Berkshire Chronicle 18 August 1866
The HEALTH OF WINDSOR
Reading Mercury 11 August 1866
The following article provides more detail about the case and some extracts are included below:
Windsor and Eton Express 11 August 1866
A CAUTION TO VENDORS OF PUTRID FISH
Defendant stated in defence that he was only a servant in the employ of a fishmonger named Treadaway, paid for his trouble in coming to Windsor; and he asserted that the fish did not belong to him.
Mr Brown said .... there are four fish stalls, and three of them are taken by Treadaway, who monopolises them, although he does not use them, and the Windsor fishmongers are not able to sell there...
Mr Ayres ... inquired whether the Brentford people were to have all the Windsor market? The Mayor replied ... he had ... given directions ... to give the Windsor tradesmen the preference in letting the stalls.
Windsor and Eton Express 6 June 1868
Windsor and Eton Express 3 October 1868
John Treadaway, of Brentford, fishmonger, was summoned for exposing unwholesome fish for sale, in Uxbridge market, on the 10th September.
Mr William, inspector of nuisances, stated that on the day in question, in Windsor-street, defendant had a quantity of herrings on the ground for sale. He was calling out "fresh herrings." Witness examined them, and found them unwholesome and totally unfit for food. They were seized and taken before a magistrate (Mr Rutter), who ordered them to be destroyed.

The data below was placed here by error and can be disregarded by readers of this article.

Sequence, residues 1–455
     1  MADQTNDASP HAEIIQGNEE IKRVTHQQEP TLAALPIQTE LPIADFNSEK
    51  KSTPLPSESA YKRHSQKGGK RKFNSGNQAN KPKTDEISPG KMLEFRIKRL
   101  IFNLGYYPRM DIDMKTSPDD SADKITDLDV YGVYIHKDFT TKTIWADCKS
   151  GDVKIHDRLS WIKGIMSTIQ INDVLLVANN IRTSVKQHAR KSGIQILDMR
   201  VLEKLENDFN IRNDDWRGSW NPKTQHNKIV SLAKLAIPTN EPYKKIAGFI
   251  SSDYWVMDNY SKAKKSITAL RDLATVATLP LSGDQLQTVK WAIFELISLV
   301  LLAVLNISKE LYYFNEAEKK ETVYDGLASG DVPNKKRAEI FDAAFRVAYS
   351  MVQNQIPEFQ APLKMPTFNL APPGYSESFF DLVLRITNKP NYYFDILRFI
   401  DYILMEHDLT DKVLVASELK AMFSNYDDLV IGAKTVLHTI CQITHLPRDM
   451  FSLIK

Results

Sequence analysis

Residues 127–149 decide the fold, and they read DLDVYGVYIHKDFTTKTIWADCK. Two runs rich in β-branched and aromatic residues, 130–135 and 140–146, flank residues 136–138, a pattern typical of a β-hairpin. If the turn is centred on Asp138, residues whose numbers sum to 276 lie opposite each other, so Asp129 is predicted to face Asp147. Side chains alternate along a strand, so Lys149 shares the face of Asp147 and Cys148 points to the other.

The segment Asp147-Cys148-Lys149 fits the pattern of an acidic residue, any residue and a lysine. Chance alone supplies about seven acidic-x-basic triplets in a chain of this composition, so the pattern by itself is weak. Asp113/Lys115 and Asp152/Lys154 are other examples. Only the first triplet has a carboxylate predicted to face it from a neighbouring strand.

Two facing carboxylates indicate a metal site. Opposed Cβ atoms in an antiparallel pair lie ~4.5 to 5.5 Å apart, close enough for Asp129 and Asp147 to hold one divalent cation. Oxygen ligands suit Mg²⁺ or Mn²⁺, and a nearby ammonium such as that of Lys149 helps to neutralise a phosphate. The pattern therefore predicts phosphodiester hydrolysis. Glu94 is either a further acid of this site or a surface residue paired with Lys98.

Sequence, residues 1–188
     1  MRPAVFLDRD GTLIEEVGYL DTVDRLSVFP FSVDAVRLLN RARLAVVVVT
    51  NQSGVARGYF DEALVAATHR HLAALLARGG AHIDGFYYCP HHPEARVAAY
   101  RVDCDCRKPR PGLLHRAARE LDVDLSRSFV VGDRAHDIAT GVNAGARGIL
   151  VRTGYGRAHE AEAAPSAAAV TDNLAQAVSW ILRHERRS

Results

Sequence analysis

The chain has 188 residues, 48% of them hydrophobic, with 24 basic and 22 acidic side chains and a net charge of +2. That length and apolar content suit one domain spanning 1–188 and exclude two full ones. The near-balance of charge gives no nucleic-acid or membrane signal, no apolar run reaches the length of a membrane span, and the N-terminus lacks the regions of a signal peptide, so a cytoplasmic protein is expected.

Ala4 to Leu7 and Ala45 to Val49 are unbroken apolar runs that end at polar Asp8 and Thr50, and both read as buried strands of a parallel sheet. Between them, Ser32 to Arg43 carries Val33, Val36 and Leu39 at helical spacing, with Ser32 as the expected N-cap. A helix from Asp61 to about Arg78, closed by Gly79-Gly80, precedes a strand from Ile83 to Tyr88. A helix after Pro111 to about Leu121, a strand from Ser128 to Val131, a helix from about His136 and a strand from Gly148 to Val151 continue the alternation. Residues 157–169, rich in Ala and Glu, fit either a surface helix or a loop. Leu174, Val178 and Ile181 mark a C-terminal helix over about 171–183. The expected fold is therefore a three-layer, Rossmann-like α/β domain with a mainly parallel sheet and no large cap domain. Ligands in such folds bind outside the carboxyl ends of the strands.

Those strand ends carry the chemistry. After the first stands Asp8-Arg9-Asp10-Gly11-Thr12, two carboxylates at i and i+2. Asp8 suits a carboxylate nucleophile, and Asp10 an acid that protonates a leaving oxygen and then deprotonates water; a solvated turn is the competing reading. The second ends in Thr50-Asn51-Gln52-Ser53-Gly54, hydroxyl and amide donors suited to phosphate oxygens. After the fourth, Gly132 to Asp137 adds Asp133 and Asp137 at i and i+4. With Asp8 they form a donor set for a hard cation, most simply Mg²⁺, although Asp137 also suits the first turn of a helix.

John Russell, in the employ of the Local Board of Health, deposed that Mr Williams ordered thim to take the herrings off the ground, and to wheel them up to the magistrate. The defendant said he thought they were fit to eat, and offered to have one cooked. The herrings smelt very offensively, and, as he rested the barrow, he was obliged to walk away some distance from it. He counted the herrings, and found there were 292.
The Magistrates' Clerk told the defednant that he had made himself liable to a penalty of £5,840 - £20 for each fish.
A fine of £2 10s was inflicted.
Western Daily Press 30 September 1873
Hull Daily Mail 5 April 1906
A fishmonger, summoned at Brentford for non-payment of alimony to his wife, pleaded in excuse that fish was so dear during Lent that he could not sell any.
Page published July 2016; updated June 2017